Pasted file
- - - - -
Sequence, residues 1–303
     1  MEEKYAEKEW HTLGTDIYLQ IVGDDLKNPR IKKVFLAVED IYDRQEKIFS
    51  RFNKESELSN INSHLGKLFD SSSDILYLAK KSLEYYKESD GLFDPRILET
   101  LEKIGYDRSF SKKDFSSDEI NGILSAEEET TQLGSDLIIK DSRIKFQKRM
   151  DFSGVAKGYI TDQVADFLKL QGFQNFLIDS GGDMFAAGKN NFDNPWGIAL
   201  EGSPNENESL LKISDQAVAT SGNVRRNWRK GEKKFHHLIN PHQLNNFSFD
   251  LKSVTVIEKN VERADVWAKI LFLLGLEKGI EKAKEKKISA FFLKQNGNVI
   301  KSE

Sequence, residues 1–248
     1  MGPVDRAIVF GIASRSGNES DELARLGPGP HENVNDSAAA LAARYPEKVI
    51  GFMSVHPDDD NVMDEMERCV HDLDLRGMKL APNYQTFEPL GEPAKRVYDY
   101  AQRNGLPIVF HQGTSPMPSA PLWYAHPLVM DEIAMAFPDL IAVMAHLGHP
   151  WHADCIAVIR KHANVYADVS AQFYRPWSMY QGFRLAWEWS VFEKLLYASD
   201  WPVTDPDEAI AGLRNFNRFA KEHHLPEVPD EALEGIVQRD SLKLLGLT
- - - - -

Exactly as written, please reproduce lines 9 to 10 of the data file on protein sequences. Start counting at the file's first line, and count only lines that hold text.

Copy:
Sequence, residues 1–248
     1  MGPVDRAIVF GIASRSGNES DELARLGPGP HENVNDSAAA LAARYPEKVI